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Auf einen Kirchhof (1815) D151

Auf einen Kirchhof

Sei gegrüsst, geweihte Stille 
Die mir sanfte Trauer weckt 
Wo Natur die bunte Hülle 
Freundlich über Gräber deckt.
Leicht von Wolkenduft getragen 
Senkt die Sonne ihren Lauf 
Aus der finstern Erde schlagen 
Glühend rote Flammen auf!
Ach, auch ihr, erstarrte Brüder 
Habet sinkend ihn vollbracht; 
Sankt ihr auch so herrlich nieder 
In des Grabes Schauernacht?
Schlummert sanft, ihr kalten Herzen 
In der düstern langen Ruh’,
Eure Wunden, eure Schmerzen 
Decket mild die Erde zu!
Neu zerstören, neu erschaffen 
Treibt das Rad der Weltenuhr. 
Kräfte, die am Fels erschlaffen 
Blühen wieder auf der Flur.
Und auch du, geliebte Hülle, 
Sinkest zuckend einst hinab
Und erblühst in schöner Fülle 
Neu, ein Blümchen auf dem Grab.
Wankst, ein Flämmchen durch die Grüfte 
Irrest flimmernd durch dies Moor; 
Schwingst, ein Strahl, dich durch die Lüfte, 
Klingest hell, ein Ton, empor!
Aber du, das in mir lebet,
Wirst auch du des Wurmes Raub? 
Was entzückend mich erhebet, 
Bist auch du nur eitel Staub?
Nein! Was ich im Innern fühle,
Was entzückend mich erhebt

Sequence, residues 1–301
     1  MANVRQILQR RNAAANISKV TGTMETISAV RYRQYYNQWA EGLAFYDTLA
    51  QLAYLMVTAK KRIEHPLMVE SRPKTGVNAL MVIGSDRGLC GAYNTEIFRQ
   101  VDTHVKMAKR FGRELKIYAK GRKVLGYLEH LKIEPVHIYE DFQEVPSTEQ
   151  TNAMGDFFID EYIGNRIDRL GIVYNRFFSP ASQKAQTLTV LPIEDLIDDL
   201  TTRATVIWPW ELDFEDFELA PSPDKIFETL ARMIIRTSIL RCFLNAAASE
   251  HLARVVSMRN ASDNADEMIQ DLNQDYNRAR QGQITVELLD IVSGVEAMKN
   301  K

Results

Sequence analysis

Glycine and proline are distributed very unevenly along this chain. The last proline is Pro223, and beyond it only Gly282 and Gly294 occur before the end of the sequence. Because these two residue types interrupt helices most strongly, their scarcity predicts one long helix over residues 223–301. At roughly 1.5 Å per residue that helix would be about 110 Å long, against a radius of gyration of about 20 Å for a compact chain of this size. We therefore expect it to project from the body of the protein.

Ist der Gottheit reine Hülle
Ist ihr Hauch, der in mir lebt.

To a churchyard

I greet you, holy stillness,
which awakens within me gentle sorrow, 
where kindly nature drapes
her bright mantle over graves.
Lightly borne by hazy clouds 
the sun sinks in its course. 
From the dark earth 
glowing red flames leap up!
Ah, you too, lifeless brothers,
have sunk down to fulfil your course; 
did you, too, sink so gloriously
into the dread night of the grave?
Slumber softly, cold hearts,
in your long, sombre peace; 
your wounds, your pain,
are gently covered by the earth!
To destroy and to create anew
the wheel of the world’s clock drives on; 
forces that languish in the rock 
blossom again in the meadows.
And you too, beloved mortal frame, 
will one day sink down, quivering, 
and blossom anew in glorious fullness, 
as a flower on the grave.
You will waver, as a flame through the graves. 
You will flicker, lost across this moor;
as a shaft of light, you will pierce the air,
as a resonant tone, you will soar upwards.
But you, who live within me,
will you, too, fall prey to the worm? 
You who exalt and delight me,
are you, too, but vain dust?
No! What I feel deep inside me,
that exalts and delights me
is the pure spirit of the Godhead,
is his breath, which lives within me.

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Franz Peter Schubert was an late Classical and early Romantic composer. He produced a vast oeuvre during his short life, composing more the 600 vocal works (largely Lieder), and well as several symphonies, operas, and a large body of piano music. He was uncommonly gifted from a young age, but appreciation of his music was limited during his lifetime. His work became more popular in the decades after his death, and was praised by 19th century composers, including Mendelssohn, Schumann, Brahms, and Liszt.

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